Reimagining Liberal Arts initiative at UWRF
March 13, 2019
The Reimagining Liberal Arts is an initiative that has been put together by the University of Wisconsin-River Falls College of Arts and Sciences in order to help gain a general and collective understanding of what a liberal arts education means. This program is designed for students who are graduating with a liberal arts degree.
“A group of faculty and staff over the last two or three years began to think about the fact that we as a campus needed to really articulate what the liberal arts were in the past, what they are now, and what they could be in the future,” said Dean Yohnk, Dean of the College of Arts and Sciences. “We’re always striving to be innovative in our programing and do everything we can to prepare students for successful lives and careers after they graduate.”
The initiative held its first event in a series of panels that took place on Wednesday, Feb. 27. The panels presented to a group of 14 students with at least one representative from each of the colleges on campus, some of whom are on the College of Arts and Sciences Dean’s advisory council. The students spoke to faculty and administrators on the benefits of the liberal arts education they have received at UW-River Falls, both in their core major courses and in their general education courses through the college of arts and sciences.
During the panel all students were asked a series of four questions. The first of these questions as asked by Yohnk was, “What do you perceive to be the benefits of the comprehensive liberal arts education that you have received at UWRF?”
Jonah Conway, a vocal music education major, responded, “I think the main benefit is that it allows students to have the opportunity to experience different courses and different experiences from all sorts of walks of life and that can result in a more holistic education.”
Paul Tietz, an environmental science major, added, “Having these liberal arts requirements here in River Falls, while attending here, as opposed to some other engineering school or technical focused place. Without all of those requirements, if I didn’t have those, I wouldn’t have pursued study abroad like I did. I spent a semester in Spain in the fall. I had such a great experience and it’s definitely not something I would have done if I did not have these liberal arts requirements here.”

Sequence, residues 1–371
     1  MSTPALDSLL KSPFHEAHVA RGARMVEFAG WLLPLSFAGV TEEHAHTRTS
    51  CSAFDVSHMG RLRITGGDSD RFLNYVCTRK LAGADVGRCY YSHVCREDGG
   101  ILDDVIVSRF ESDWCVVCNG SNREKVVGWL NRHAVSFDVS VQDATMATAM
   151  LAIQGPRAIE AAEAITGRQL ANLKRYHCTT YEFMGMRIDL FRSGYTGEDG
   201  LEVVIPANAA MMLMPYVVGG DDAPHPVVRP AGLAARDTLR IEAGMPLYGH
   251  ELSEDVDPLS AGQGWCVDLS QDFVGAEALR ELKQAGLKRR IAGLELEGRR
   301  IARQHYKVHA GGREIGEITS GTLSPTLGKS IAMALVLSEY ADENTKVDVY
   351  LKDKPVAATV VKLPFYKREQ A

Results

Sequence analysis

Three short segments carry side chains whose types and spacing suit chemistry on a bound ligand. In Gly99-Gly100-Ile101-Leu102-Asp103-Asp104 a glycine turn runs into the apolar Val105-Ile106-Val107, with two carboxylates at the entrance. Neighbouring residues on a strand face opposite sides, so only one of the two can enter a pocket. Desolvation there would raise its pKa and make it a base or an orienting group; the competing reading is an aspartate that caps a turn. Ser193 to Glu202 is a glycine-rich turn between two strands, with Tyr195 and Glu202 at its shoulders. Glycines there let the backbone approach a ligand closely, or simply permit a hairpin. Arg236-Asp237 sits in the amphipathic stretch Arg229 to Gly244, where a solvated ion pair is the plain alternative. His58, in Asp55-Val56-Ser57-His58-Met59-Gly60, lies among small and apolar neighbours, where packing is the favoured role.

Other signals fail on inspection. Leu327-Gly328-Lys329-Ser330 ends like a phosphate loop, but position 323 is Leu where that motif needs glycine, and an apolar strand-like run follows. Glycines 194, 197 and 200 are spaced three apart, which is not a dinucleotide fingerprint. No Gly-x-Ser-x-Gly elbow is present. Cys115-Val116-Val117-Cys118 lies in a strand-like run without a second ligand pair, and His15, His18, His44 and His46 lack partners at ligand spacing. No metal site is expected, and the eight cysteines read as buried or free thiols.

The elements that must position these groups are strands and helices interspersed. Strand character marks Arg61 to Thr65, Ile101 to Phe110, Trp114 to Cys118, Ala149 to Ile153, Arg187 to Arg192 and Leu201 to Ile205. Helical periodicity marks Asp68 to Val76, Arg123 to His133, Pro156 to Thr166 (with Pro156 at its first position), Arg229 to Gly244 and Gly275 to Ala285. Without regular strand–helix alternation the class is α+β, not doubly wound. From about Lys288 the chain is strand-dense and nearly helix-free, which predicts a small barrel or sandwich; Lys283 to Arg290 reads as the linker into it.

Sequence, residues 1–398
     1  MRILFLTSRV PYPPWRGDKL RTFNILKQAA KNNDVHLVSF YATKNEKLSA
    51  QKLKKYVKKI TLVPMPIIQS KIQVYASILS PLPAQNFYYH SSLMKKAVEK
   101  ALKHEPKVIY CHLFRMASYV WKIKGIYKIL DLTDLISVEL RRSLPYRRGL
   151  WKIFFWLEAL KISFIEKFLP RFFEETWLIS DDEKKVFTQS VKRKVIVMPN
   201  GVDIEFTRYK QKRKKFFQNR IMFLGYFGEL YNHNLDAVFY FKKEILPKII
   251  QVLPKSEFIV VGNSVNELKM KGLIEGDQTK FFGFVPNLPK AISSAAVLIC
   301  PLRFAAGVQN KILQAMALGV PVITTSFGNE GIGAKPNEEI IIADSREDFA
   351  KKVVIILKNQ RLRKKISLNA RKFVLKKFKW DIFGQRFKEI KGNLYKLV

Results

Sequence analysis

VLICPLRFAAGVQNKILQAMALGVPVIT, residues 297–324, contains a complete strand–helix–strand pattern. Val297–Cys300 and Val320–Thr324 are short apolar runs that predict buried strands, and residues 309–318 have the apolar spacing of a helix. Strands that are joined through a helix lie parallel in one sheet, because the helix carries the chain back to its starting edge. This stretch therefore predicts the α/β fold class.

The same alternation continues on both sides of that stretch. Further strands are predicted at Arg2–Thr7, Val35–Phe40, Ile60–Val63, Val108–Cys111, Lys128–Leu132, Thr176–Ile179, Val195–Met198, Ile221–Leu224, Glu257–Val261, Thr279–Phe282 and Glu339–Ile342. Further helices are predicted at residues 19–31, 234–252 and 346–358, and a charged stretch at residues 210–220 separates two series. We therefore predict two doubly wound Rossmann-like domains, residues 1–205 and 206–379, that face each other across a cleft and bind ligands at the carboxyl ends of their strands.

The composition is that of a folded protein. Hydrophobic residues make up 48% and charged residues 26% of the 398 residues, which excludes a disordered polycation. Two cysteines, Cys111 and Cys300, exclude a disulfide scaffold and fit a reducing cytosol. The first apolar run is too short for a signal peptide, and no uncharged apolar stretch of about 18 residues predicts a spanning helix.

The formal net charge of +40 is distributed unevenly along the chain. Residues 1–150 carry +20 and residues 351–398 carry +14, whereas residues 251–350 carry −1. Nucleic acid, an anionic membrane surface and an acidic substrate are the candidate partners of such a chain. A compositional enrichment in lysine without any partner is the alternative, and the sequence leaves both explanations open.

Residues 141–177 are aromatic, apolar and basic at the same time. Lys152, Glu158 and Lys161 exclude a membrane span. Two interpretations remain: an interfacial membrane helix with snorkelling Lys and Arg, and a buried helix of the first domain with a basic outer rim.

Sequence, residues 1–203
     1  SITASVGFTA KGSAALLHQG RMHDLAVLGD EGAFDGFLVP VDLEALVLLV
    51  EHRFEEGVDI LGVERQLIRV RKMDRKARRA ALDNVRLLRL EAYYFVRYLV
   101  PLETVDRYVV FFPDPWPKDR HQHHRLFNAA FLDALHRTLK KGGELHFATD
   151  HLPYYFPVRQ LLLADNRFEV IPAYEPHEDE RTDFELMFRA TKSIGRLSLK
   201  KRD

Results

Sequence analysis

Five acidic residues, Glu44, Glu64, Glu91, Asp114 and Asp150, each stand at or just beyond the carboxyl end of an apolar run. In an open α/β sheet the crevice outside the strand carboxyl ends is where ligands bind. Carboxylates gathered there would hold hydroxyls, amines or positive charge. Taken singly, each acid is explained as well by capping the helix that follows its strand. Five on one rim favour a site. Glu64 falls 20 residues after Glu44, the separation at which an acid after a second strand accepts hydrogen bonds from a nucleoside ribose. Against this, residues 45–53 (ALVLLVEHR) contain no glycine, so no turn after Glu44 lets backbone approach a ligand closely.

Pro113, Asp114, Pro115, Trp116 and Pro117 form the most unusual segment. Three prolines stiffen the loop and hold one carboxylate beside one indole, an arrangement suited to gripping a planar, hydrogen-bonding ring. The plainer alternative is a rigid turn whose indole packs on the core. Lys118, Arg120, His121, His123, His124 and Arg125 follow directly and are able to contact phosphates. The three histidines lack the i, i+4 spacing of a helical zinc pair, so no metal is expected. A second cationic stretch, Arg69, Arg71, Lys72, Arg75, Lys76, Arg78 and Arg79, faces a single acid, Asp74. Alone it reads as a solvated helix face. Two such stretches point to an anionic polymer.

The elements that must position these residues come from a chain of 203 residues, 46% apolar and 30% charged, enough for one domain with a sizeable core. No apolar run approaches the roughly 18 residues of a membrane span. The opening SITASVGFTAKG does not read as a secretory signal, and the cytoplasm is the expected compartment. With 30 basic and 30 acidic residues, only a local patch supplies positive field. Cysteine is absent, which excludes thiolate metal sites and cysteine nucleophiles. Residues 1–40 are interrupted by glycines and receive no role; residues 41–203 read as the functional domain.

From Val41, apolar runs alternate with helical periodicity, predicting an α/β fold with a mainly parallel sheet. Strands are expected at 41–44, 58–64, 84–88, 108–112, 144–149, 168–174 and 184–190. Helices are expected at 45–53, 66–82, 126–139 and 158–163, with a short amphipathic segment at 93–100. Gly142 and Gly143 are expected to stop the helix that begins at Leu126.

The second question that was given to the students to answer was, “What are the most essential learning techniques and skills that you have gained in courses at UWRF that you believe will help you be most successful in the future, both on a personal and career level?”
Jase Bakker, a biology major, said that his most important skill gained is, “Priority management. My own has really improved since I came here. When I first came here it was do the first thing that is due next and try to get that done, kind of waiting until deadlines to get things done the day that they are due. Learning that if you kind of do things a couple days in advance, you actually create time for yourself to dive deeper than you would have if you just waited until the final moment to do that assignment. If you give yourself that extra time you dive deeper than you would have originally and that just comes with that extra time you have created for yourself.”